Mazama Koosah Hydration Pack Review

The Mazama Koosah, in all of its minimalist glory
The Mazama Koosah, in all of its minimalist glory

Selecting the proper pack for a given ride can be a delicate process, with the rider entering the great pre-ride debate of opting for the too-small pack and forgoing some items or dealing with a flappy pack filled with mostly dead air. On the smaller end of the backpack size continuum is the Koosah from Mazama Designs. A relatively new entrant to the highly-competitive mountain sports scene, Mazama Designs is a Bend, Oregon company looking to create gear that is as unobtrusive as it is effective. I’ve decided to put the 1.5L Koosah hydration pack through my own strenuous testing regimen to see how it performs when subjected to the rigors of mountain biking.

The Koosah kept my hydration levels in check while pedaling through the Washington desert
The Koosah kept my hydration levels in check while pedaling through the Washington desert

A Weight Weenie’s Pack

As soon as I picked up the Koosah, my inner weight weenie marveled at the mass (or lack thereof) of the pack. At a claimed weight of 400g, the Koosah instantly unseated my old Inov8 pack that had been my go-to for years when heading out for a day on the bike. I was a bit awestruck at the pack’s ability to combine an impressively low weight with premium materials and high build quality.

Many lightweight packs forego any sort of interior organization in pursuit of lightness, but thankfully, Mazama has figured out how to keep weight low while still allowing the rider to bring a fair amount of gear along for the ride. The Koosah has two zippered storage options for the rider, with the primary storage being a modestly-sized compartment on the exterior of the pack that can hold an extra layer (though it may hold little more than a windbreaker), some snacks, a pump, and a multitool.

Riders, especially numbskull ones like the author, should take note that this pack is an ultralight pack, which means that it won’t be able to successfully hold an excessive amount of gear without busting a zipper. I only know this because I overloaded the pack and popped the zipper right off, necessitating a MacGyver-esque fix mid-ride. Don’t take this as a shortcoming of the pack though, but rather as a cautionary tale – the Koosah is designed to be as light as possible, so don’t try to stuff it full of things you may not need on your ride. Once I reached a reasonable understanding of the pack and its 1.5L capacity, it was a joy to wear on trail.

The interior of the pack
The interior of the pack

Aside from the cargo compartment, the Koosah sports a separate hydration pack compartment that fits the Mazama reservoir perfectly. As an added nicety, the hydration compartment also has a heat-reflective shield stitched into the back of the pack to keep the rider’s body heat from transferring into the reservoir. Even on longer days on the trail, my water stayed just as cool as when I poured it from the faucet–which is a boon when you’re pedaling under a scorching sun, wanting nothing more than a cool drink of water.

Water That Tastes Like Water

The Koosah is primarily billed as a hydration pack, and it would be foolish to produce a pack that makes said hydration unappealing. Thankfully, Mazama has designed a hydration bladder that makes water taste like, well, water. I’ve come to accept that water that I carry with me out on trail is going to have a slightly plastic tinge about it, as many of the packs in my gear closet impart their own flavor on the water I bring. I thought that it was an essential feature of a water reservoir; to let you know that you were drinking out of a plastic bag, it had to taste like a plastic bag, right?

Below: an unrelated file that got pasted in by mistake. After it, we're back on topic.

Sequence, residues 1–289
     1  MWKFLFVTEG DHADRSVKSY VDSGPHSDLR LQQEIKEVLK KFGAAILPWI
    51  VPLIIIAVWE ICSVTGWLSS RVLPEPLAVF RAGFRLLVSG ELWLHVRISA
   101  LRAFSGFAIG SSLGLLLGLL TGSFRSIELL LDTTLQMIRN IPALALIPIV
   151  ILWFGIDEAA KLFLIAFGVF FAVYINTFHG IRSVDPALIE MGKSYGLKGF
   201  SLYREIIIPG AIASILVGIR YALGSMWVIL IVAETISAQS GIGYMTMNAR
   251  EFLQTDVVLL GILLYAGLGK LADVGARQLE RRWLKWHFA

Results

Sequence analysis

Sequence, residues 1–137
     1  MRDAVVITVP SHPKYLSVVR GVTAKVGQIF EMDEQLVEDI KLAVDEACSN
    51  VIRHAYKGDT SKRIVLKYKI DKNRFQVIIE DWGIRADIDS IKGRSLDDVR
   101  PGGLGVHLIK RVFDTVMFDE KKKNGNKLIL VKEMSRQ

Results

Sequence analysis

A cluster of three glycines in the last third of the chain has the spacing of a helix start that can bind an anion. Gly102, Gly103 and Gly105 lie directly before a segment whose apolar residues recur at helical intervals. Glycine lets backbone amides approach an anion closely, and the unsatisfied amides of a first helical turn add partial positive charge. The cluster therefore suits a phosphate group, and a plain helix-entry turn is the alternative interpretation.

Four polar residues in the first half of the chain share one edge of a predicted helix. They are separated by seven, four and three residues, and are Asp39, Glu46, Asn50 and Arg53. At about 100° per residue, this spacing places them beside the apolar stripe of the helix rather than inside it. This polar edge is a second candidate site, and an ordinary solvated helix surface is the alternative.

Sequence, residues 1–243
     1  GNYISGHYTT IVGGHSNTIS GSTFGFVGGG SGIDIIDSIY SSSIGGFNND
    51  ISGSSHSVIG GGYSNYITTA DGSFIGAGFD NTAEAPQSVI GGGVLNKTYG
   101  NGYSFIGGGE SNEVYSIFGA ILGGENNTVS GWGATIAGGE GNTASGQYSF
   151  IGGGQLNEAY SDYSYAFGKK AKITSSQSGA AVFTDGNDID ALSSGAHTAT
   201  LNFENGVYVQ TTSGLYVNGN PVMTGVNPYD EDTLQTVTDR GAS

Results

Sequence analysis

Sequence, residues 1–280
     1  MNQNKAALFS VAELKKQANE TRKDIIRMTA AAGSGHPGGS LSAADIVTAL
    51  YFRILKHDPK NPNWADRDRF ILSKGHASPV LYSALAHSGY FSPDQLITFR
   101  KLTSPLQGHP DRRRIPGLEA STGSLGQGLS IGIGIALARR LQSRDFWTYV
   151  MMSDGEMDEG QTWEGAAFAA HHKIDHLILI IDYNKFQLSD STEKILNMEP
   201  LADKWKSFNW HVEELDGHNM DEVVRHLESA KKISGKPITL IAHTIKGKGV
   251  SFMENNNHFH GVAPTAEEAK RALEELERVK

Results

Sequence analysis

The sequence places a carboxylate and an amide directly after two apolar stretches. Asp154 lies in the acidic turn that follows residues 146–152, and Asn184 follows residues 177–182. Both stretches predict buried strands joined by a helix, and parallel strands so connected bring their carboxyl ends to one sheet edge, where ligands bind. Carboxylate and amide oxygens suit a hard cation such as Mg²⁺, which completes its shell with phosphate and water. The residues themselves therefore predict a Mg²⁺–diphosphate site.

The bladder, freed from its insulated home
The bladder, freed from its insulated home

Mazama opted to buck the trend and created a BPA-free (BPA, Bisphenol A, is found in many plastic items, including water bottles, and can impose a health risk in some of the population) reservoir that doesn’t impart any sort of synthetic taste to the water, which keeps water as refreshing as its meant to be.

One of the most secure and leak-proof closure systems that I've had the opportunity to nerd out over
One of the most secure and leak-proof closure systems that I’ve had the opportunity to nerd out over

In addition to removing BPA from the manufacturing process, Mazama created a rather inventive way to seal the reservoir, which is impressive in its simplicity. Many reservoirs on the market use either a screw top (common on Camelbak reservoirs) or a glorified ziplock-style closure that isn’t necessarily bad, but can make filling and sealing problematic. The Mazama reservoir uses a clever locking system that uses two locking arms to provide a secure lock atop the reservoir, which is simple and quick to use. For the casual rider, this simplicity may not be much a selling point, but for a racer who wants to minimize time spent refilling at aid stations, it could help shave a couple more seconds off their course time.

Final Thoughts

The Koosah has proven to be a great pack for day trips where overall gear capacity isn’t a critical feature, and it has usurped my old pack as my first choice. If I were embarking on a self-supported, multi-day trip, I may opt for a larger pack to augment my frame bags’ cargo capacity, but for spending the day tooling around on the trails, the Koosah is hard to beat. Its light weight is hardly felt while riding and its clever insulated pocket for the hydration reservoir keeps the rider’s preferred beverage well-chilled all day, while still offering enough room to bring some snacks and necessities along. If you’re in the market for a lightweight pack to give your back a rest, you’d be hard-pressed to find a better option than Mazama’s offerings.

MSRP: $65

Thanks to Mazama for providing the Koosah for review.

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